Nieman Foundation at Harvard
HOME
          
LATEST STORY
Here’s how The New York Times tested blockchain to help you identify faked photos on your timeline
ABOUT                    SUBSCRIBE
Nov. 5, 2019, 10:21 a.m.
Audience & Social

These five gentlemen — the commissioners of Citrus County, Florida — have denied county librarians’ funding request of $2,700 for a digital group subscription to The New York Times. (The library has 70,000 cardholders, meaning Times digital access could be provided at an annual cost of about $0.04 per patron.) “I don’t want The New York Times in this county. I don’t like them. It’s fake news,” commissioner Scott Carnahan said, according to the Citrus County Chronicle.

“You can go to the library and have internet access to all kinds of media,” commissioner Jimmie Smith told the Chronicle. “There’s a plethora of different websites available.”

Commissioner Jeff Kinnard: “I don’t feel like the county is obligated to subscribe to every major newspaper or every point of view. At some point, you draw the line.” (The Chronicle reported that Citrus County’s library system had no digital subscriptions to any newspaper.)

The decision was made on October 24, the same day that Trump ordered that all government subscriptions to The New York Times and The Washington Post be canceled (though, The Washington Post points out, the county’s meeting actually began a few hours before Trump’s decision was first reported). The story bubbled up into state and then national news this week, with a boost from social media.

These sorts of group digital subscriptions to libraries are a growing business for the Times; in February, it struck a deal with the California library system to provide access to the state’s 23 million library card holders. It has similar deals in place in Pennsylvania, Iowa, New Jersey, Missouri, Texas, Colorado, Massachusetts, Ontario, and more.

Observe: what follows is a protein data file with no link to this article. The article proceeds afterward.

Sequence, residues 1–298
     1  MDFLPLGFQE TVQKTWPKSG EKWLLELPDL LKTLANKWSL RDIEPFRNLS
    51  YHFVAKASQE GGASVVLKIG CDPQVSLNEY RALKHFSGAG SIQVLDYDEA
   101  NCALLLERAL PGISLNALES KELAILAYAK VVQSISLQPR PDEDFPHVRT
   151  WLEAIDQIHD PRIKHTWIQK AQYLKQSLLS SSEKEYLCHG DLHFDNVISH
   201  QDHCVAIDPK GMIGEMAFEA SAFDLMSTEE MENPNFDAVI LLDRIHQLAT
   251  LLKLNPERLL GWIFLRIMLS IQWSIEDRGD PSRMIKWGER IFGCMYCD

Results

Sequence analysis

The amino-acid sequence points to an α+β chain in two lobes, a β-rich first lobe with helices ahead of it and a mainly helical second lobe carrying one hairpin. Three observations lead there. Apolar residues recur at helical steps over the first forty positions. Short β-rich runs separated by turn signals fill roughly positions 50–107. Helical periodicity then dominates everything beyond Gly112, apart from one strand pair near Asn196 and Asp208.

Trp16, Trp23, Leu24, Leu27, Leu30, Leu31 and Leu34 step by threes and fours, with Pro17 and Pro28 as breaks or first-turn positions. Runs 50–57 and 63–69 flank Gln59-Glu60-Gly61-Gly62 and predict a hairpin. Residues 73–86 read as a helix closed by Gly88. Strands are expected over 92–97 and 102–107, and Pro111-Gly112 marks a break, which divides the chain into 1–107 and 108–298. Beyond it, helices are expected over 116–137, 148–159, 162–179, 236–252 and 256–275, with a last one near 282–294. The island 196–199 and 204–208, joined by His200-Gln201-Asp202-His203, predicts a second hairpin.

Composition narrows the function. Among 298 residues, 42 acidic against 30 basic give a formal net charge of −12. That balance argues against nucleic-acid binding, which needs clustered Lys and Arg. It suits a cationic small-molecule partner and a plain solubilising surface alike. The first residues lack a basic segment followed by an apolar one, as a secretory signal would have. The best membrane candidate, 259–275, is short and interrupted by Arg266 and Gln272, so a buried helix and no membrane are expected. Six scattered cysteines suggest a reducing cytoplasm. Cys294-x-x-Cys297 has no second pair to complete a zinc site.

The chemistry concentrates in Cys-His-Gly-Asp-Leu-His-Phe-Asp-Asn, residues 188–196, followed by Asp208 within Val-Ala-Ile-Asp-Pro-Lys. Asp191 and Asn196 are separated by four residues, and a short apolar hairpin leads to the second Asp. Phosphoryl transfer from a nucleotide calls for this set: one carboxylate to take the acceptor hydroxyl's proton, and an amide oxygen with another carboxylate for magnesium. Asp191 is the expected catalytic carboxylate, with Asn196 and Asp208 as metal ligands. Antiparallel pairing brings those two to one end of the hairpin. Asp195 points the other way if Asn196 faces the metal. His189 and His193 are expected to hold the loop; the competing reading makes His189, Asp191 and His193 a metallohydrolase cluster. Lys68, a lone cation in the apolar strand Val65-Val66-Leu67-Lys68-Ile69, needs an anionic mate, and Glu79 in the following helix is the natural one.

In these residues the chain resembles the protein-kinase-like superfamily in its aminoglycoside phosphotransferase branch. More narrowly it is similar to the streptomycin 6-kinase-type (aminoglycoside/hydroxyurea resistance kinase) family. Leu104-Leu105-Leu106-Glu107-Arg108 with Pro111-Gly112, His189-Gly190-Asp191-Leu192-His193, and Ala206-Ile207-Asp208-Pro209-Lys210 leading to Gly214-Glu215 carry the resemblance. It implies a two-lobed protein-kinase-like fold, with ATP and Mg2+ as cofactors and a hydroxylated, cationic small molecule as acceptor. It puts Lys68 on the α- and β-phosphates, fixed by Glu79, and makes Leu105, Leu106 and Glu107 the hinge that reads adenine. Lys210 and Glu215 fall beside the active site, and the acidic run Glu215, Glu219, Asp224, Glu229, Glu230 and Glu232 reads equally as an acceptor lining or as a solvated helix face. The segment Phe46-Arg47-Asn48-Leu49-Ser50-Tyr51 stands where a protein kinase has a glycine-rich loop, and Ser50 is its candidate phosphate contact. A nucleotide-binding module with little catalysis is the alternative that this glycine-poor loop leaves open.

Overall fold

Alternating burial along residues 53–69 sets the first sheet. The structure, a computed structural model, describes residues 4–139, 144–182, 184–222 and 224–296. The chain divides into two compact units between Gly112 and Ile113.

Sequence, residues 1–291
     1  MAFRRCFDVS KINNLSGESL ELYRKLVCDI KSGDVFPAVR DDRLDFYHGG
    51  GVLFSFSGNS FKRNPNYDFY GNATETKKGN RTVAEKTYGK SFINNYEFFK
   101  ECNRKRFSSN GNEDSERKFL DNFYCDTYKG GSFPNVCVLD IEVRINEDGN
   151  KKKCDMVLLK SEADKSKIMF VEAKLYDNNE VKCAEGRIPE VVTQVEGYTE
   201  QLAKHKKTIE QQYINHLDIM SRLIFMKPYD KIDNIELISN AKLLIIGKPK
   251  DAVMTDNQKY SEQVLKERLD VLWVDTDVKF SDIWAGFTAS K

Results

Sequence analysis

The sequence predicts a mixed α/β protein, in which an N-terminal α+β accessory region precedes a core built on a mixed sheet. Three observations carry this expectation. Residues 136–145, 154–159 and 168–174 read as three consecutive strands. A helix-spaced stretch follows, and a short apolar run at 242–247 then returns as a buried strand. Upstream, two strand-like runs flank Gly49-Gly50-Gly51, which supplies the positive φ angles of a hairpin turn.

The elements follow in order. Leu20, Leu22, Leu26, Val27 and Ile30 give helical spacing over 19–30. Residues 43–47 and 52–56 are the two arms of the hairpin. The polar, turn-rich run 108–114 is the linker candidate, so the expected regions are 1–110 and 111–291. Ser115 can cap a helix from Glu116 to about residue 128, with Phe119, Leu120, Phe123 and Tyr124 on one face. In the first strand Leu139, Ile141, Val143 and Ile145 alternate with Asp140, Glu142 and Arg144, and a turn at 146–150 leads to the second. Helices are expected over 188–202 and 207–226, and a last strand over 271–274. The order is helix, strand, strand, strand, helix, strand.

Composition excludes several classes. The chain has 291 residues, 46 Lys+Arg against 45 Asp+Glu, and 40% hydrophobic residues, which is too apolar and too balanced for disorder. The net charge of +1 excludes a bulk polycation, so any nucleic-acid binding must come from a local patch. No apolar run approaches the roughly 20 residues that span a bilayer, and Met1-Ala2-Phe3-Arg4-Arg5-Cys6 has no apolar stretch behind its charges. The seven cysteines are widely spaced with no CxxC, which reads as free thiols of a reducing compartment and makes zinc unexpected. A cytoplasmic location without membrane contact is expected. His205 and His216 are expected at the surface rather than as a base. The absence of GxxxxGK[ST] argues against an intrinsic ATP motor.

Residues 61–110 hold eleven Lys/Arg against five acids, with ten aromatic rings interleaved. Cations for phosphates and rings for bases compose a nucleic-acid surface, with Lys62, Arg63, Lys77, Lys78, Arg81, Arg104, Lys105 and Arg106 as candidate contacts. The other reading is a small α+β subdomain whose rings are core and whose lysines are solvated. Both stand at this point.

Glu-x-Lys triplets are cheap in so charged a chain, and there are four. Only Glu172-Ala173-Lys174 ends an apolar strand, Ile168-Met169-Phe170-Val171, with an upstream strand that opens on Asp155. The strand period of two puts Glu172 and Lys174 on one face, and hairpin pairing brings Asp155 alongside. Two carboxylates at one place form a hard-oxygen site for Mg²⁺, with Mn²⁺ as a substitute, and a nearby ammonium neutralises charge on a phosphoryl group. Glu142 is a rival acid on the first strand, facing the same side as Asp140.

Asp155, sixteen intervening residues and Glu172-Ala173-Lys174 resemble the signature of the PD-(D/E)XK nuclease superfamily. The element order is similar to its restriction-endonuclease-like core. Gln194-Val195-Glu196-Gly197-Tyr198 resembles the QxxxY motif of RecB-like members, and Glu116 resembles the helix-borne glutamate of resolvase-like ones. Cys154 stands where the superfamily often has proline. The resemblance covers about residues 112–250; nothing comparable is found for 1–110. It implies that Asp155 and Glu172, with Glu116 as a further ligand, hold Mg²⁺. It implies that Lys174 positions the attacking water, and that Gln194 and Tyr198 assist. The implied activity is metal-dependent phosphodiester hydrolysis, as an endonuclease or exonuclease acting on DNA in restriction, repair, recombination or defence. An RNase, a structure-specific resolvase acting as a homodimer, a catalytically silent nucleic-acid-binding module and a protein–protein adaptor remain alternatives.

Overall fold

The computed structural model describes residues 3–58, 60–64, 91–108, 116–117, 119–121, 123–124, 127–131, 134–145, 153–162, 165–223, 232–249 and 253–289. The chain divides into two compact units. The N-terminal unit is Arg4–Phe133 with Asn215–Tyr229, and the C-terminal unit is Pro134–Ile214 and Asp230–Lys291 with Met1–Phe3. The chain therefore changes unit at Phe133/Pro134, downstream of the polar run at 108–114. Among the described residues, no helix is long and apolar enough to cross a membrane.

Amid backlash, it appears possible that the Florida commissioners will reconsider the decision. “Do I think I made a mistake? Yes,” commissioner Scott Coleman told the Chronicle. “Our decision should have been impartial, instead of having it become a personal thing.”

Show tags Show comments / Leave a comment
 
Join the 50,000 who get the freshest future-of-journalism news in our daily email.
Here’s how The New York Times tested blockchain to help you identify faked photos on your timeline
“What we saw was a tendency to accept almost all images at first glance, regardless of subject area.”
Public infrastructure isn’t just bridges and water mains: Here’s an argument for extending the concept to digital spaces
“Our solutions cannot be limited to asking these platforms to do a better job of meeting their civic obligations — we need to consider what technologies we want and need for digital media to have a productive role in democratic societies.”
This former HBO executive is trying to use dramatic techniques to highlight the injustice in criminal justice
And hopefully to make some good TV along the way. Kary Antholis’ site Crime Story uses “a much more thematic, character-driven way of exploring these stories than how traditional media might pursue.”